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Yes, logic should be studied first because, as St. Thomas Aquinas says (below), "logic teaches the method of the whole of philosophy." Before doing philosophy, you must know its method, as you cannot simultaneously do philosophy and invent its method along the way, as Aristotle says.*
*Metaphysics 995a13 [174.]: "it is absurd to seek at the same time knowledge and the way of attaining knowledge!"

St. Thomas Aquinas, considered one of the greatest commentators on Aristotle, describes in his Sententia Ethic., lib. 6 l. 7 n. 17 [1211.] which subjects and in what order boys must learn:

[T]he proper order of learning is that boys

  1. first be instructed in things pertaining to logic because logic teaches the method of the whole of philosophy.
  2. Next, they should be instructed in mathematics, which does not need experience and does not exceed the imagination.
  3. Third, in natural sciences [physics], which, even though not exceeding sense and imagination, nevertheless require experience.
  4. Fourth, in the moral sciences [ethics], which require experience and a soul free from passions …
  5. Fifth, in the sapiential and divine sciences [metaphysics and theology], which exceed imagination and require a sharp mind.

St. Thomas commentated the following works of Aristotle, roughly ordered here below according to the order in which St. Thomas says it's best to learn them:

Peri Hermeneias 
Posteriora Analytica 
Physica 
De coelo et mundo 
De generatione et corruptione
Super Meteora
De anima 
De sensu et sensato     
De memoria et reminiscentia 
Ethica 
Tabula Ethicorum 
Politica 
Metaphysica

(source)

Note: Some of his commentaries are only partial (e.g., he didn't commentate on Books 13—Μ & 14—Ν of Aristotle's Metaphysics).


Also, "Let No One Ignorant of Geometry Enter" was allegedly written above the door of Plato's Academy. Whether this is true or a legend, it does show the importance of logic and mathematics for Plato (and certainly for his student, too).

  • "you cannot simultaneously do philosophy and invent its method along the way, as Aristotle says" - Where does he say that? – Ram Tobolski Jan 22 '17 at 23:01
  • Your parenthetical for fifth is not in Aquinas' text. Considering for the structure of the University of Paris where he taught, the last subject would not be "metaphysics" but rather "theology". – virmaior Jan 22 '17 at 23:32
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    @RamTobolski Metaphysics 995a13 [174.]: "it is absurd to seek at the same time knowledge and the way of attaining knowledge!" – Geremia Jan 23 '17 at 0:31
  • @virmaior What I've quoted is directly from St. Thomas's commentary: "Quinto autem in sapientialibus et divinis quae transcendunt imaginationem et requirunt validum intellectum." The "sapiential and divine sciences" includes metaphysics and theology. – Geremia Jan 23 '17 at 0:32
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Yes, you need to read any authors work to understand them. The entry on Aristotle's logic in the Standford Encyclopedia of Philosophy is as good a synopsis as any.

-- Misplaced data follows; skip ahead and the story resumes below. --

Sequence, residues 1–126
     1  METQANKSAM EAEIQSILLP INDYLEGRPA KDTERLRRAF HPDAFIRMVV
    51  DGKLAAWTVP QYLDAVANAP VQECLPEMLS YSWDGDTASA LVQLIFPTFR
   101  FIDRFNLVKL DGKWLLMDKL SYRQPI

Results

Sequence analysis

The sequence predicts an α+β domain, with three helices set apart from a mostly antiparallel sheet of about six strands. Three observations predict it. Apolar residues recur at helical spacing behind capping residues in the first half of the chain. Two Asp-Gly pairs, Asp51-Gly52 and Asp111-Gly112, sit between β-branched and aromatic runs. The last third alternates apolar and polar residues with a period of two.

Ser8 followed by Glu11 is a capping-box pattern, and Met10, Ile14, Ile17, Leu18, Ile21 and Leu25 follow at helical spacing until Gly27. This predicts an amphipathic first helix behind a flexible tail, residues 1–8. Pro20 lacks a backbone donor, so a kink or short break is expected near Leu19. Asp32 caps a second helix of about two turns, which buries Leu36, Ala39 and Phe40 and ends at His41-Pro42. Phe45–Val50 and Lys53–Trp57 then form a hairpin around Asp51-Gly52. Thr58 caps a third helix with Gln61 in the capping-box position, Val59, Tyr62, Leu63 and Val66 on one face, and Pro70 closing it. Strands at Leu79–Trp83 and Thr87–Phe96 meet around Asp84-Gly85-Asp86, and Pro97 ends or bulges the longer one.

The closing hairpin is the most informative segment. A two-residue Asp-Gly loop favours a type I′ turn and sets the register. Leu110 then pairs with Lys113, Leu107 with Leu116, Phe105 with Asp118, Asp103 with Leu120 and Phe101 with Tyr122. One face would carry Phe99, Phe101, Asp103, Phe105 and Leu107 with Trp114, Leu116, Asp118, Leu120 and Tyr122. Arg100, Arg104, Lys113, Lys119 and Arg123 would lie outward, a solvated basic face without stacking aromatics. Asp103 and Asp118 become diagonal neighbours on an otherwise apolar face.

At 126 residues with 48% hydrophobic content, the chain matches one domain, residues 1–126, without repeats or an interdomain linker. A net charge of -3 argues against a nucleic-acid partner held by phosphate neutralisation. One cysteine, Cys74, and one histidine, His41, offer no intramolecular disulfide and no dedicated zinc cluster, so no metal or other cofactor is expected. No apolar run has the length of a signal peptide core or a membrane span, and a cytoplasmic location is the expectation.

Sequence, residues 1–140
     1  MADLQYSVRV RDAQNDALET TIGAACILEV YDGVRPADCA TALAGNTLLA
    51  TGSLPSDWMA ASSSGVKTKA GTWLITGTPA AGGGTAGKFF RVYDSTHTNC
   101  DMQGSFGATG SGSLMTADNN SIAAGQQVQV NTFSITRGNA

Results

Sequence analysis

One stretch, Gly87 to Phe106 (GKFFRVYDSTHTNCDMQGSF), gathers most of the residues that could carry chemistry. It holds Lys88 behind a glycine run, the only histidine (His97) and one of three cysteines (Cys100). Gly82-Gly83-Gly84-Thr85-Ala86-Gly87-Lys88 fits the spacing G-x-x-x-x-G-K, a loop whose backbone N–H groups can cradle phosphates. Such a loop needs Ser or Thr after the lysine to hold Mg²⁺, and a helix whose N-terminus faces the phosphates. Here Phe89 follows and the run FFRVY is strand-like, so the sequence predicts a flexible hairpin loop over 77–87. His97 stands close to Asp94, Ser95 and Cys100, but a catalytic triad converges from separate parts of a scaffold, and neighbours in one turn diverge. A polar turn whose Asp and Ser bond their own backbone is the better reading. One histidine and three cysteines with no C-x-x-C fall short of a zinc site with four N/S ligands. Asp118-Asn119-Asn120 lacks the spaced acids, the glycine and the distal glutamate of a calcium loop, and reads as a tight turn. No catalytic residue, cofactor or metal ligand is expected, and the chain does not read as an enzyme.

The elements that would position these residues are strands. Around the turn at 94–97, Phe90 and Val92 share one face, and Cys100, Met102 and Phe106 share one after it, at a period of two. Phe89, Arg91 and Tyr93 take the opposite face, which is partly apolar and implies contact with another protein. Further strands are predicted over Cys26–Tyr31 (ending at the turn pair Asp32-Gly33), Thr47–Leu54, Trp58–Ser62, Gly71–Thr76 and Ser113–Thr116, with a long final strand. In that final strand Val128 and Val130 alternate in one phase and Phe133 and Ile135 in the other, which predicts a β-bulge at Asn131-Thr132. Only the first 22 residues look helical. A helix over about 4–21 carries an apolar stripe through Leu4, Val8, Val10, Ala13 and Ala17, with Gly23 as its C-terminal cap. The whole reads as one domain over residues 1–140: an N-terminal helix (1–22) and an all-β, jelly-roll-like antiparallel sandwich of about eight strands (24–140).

You could do well to read more than one translation - short of becoming a scholar on ancient Greek if you seek to understand what Aristotle thought. Consider, tho that he did not write much of what is attributed to him:

The great body of Aristotle's thought that has come down to us is in the form of "treatise" on various subjects, such as logic, physics, ethics, psychology, biology, and politics. It seems that these treatise began as notes on (or summaries of) Aristotle's lectures at the Lyceum in Athens. He continued to edit and revise them throughout his life, as his views evolved, but never brought them to a state of completion for publication. Subsequently they were edited and organized into "books" by his students, and then the whole corpus was transmitted through a series of transcribers, translators, and commentators.

And essentially what you are "understanding" is what is commonly accepted as Aristotle's writings. Not quite a "John Frum" experience, but it is worth pointing out that as well, the writings of Aristotle have been interpreted as well translated between Greek, Arabic, Latin and English.

The story of how Aristotle came to be considered the prime authority on matters of reason ("the master of those who know") is interesting. His writings certainly didn't have such a commanding status in his own time, nor at any later time in the ancient world. Even following the collapse of ancient civilization in around 500 AD, the only work of Aristotle known in the west was a Latin translation (by Boethius) of his treatise on logic. Not until the twelfth century did scholars in western Europe begin to gain access to the full range of Aristotle's treatise, and even then they did not acquire the actual Greek texts. Aristotle's teachings had survived in various scholarly communities in the east, such as among the Syrians, and these works were acquired by the Arabs when they conquered Syria around 650 AD. Eventually the works of Aristotle, along with the commentaries of Arab scholars, spread throughout the Islamic world. Beginning with the re-conquest of Toledo in 1085 and Sicily in 1091, western scholars (such as Gerard of Cremona, d. 1187) began to encounter these works and translate them into Latin. The structure of the Arab language is quite different from Greek and Latin (which are fairly similar to each other), so there was unavoidable paraphrasing in the passage from the original Greek to Arabic, and then again in the translation from Arabic to Latin. In effect, the first exposure to the full extent of Aristotle's writings came in the form of Latin paraphrases of Arab paraphrases of (and commentaries on) Syriac paraphrases of second-hand copies of the original Greek texts. Not surprisingly, the resulting Latin renderings were somewhat unreliable.